Feeds

Fresh blood planned for Sun's board

Sense of urgency

SANS - Survey on application security programs

Sun Microsystems' board is getting some fresh blood with two new independent directors, after its largest investor stepped up involvement in the company.

Sun and US-private investment firm Southeastern Asset Management said Monday they've entered into an agreement to expand Sun's board with the two individuals.

The directors will be appointed "as soon as reasonably practicable" and be approved by both companies, Sun said in a release.

The move comes just over a month after Southeastern Asset Management and Sun said they were entering talks to have Sun's true economic value realized. Southeastern Asset Management is Sun's single largest investor, owning 22 per cent of stock - 162 million shares - having increased its holding with $2.1bn shares since May.

Three weeks after that particular statement, Sun announced it was laying off nearly a fifth of its 33,400-strong workforce as part of a major restructuring that saw the software group broken up and activities spread across separate divisions. The cuts also followed a $1.677bn net loss for its first quarter on $2.9bn revenue, down 7.1 per cent. Sun blamed the loss and poor performance on write downs and the poor economy.

Southeastern Asset Management is known for investing in companies with trading difficulties and under-valued assets whose value, it believes, can be realized.

In a statement, the investor said: "With the appointment of two new directors, the recently announced restructuring, over $3bn in cash and a long history of cash generation, we are confident Sun is well positioned for long-term success."

There are currently 11 directors on Sun's board, including chief executive Jonathan Schwartz, co-founder and former CEO Scott McNealy, and the former president and CEO of Netscape Communications Jim Barksdale. McNealy - the longest serving board member - and Barksdale have been on the board since 1982 and 1999 respectively. ®

High performance access to file storage

More from The Register

next story
Dropbox defends fantastically badly timed Condoleezza Rice appointment
'Nothing is going to change with Dr. Rice's appointment,' file sharer promises
Audio fans, prepare yourself for the Second Coming ... of Blu-ray
High Fidelity Pure Audio – is this what your ears have been waiting for?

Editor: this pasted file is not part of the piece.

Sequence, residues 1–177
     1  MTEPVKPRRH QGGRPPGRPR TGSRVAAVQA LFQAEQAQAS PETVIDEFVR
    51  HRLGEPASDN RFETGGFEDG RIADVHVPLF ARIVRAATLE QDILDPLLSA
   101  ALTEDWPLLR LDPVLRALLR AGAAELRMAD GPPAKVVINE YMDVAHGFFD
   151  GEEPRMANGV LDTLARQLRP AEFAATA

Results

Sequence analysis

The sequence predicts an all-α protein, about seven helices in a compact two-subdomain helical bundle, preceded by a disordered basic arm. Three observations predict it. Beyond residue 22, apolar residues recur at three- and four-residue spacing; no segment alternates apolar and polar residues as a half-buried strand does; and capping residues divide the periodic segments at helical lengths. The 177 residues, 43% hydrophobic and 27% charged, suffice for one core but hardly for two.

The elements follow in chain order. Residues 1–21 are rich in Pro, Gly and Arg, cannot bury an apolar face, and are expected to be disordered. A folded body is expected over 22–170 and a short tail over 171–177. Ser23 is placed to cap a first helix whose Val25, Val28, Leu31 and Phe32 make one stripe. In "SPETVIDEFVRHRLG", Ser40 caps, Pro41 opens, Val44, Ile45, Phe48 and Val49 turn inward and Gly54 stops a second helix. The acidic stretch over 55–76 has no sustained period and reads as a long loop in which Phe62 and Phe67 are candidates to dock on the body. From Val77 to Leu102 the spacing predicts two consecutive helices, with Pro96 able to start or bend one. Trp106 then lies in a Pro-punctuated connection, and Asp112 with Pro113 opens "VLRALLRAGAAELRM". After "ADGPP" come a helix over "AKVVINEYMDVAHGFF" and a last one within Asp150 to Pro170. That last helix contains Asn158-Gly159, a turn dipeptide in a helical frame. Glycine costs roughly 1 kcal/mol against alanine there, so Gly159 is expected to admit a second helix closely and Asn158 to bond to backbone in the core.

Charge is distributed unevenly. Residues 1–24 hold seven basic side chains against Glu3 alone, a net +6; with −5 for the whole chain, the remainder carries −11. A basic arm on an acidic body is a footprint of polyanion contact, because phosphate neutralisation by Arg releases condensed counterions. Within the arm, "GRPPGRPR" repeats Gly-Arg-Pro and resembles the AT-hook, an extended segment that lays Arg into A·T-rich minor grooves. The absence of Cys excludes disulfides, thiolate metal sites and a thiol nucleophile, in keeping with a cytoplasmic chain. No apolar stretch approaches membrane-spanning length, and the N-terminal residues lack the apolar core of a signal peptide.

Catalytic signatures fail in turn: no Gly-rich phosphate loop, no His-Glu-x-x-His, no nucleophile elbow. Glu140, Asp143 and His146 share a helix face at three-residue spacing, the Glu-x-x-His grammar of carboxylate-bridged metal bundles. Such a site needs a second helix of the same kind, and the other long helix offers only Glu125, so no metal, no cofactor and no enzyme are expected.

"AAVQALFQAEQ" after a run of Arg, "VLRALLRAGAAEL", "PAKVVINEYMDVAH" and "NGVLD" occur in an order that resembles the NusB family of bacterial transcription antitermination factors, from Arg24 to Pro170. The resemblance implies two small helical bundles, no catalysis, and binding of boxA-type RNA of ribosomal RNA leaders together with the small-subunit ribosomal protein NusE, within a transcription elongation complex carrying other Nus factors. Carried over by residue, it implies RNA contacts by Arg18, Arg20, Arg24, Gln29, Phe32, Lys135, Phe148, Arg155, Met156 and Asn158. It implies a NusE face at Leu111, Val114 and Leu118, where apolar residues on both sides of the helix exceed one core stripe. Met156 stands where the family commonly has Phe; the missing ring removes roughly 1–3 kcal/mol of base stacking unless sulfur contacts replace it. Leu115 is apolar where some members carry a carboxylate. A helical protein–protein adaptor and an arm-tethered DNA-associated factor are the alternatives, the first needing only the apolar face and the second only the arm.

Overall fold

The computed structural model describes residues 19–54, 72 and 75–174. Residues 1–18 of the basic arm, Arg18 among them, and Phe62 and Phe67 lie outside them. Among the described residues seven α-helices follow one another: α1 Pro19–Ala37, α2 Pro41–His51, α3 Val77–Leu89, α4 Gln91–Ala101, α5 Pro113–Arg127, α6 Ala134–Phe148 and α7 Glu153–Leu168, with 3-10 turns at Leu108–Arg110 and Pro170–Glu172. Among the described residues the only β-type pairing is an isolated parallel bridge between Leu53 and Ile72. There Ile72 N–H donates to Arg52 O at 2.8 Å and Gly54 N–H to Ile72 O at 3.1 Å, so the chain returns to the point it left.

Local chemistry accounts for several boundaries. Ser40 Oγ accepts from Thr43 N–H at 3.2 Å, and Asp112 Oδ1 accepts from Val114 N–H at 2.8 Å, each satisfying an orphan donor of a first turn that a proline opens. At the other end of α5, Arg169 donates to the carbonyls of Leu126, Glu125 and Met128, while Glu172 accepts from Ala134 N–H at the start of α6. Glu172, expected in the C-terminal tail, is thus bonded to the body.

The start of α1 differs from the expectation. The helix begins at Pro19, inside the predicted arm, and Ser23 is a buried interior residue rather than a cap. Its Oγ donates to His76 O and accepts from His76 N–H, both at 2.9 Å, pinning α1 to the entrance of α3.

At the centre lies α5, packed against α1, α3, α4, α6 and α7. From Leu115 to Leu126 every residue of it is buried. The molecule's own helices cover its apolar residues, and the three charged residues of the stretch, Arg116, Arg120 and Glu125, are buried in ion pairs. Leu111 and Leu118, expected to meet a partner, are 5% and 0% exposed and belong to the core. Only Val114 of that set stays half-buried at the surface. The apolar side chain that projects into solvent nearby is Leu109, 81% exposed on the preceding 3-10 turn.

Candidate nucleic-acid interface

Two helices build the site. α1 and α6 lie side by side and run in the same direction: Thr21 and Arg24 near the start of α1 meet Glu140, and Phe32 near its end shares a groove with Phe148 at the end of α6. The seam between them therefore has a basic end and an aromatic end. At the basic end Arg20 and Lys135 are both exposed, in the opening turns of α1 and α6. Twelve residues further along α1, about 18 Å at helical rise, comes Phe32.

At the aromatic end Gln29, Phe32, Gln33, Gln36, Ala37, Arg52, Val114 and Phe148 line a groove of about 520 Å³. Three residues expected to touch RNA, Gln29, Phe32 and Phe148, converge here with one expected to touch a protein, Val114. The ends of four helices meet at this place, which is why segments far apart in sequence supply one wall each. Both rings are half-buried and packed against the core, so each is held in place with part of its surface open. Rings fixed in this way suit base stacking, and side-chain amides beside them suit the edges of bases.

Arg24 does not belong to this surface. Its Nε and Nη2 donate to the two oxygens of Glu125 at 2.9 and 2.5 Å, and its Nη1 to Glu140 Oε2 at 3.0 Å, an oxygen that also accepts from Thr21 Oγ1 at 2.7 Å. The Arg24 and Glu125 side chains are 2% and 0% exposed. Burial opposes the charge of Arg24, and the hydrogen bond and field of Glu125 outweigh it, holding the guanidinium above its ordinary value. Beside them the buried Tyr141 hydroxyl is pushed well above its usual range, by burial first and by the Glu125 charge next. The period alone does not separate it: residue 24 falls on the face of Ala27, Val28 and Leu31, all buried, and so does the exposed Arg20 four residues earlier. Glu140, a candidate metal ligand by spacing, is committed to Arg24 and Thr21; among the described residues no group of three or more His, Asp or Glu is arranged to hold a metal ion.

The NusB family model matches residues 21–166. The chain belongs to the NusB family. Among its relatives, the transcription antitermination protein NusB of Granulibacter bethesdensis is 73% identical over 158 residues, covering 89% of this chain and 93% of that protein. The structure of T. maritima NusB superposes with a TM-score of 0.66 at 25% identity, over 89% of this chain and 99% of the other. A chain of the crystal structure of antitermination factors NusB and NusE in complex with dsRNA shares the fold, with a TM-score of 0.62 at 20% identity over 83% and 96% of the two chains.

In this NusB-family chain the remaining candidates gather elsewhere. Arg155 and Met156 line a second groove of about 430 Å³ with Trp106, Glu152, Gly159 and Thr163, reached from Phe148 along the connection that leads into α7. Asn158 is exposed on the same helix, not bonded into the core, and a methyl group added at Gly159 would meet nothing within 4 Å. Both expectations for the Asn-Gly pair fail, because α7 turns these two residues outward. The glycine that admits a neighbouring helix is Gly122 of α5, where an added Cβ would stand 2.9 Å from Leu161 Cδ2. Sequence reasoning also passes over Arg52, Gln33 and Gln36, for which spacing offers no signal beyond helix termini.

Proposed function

Did a date calculation bug just cost hard-up Co-op Bank £110m?
And just when Brit banking org needs £400m to stay afloat
Sorry London, Europe's top tech city is Munich
New 'Atlas of ICT Activity' finds innovation isn't happening at Silicon Roundabout
MtGox chief Karpelès refuses to come to US for g-men's grilling
Bitcoin baron says he needs another lawyer for FinCEN chat
Zucker punched: Google gobbles Facebook-wooed Titan Aerospace
Up, up and away in my beautiful balloon flying broadband-bot
Apple DOMINATES the Valley, rakes in more profit than Google, HP, Intel, Cisco COMBINED
Cook & Co. also pay more taxes than those four worthies PLUS eBay and Oracle
prev story

Whitepapers

Designing a defence for mobile apps
In this whitepaper learn the various considerations for defending mobile applications; from the mobile application architecture itself to the myriad testing technologies needed to properly assess mobile applications risk.
3 Big data security analytics techniques
Applying these Big Data security analytics techniques can help you make your business safer by detecting attacks early, before significant damage is done.
Five 3D headsets to be won!
We were so impressed by the Durovis Dive headset we’ve asked the company to give some away to Reg readers.
The benefits of software based PBX
Why you should break free from your proprietary PBX and how to leverage your existing server hardware.
Securing web applications made simple and scalable
In this whitepaper learn how automated security testing can provide a simple and scalable way to protect your web applications.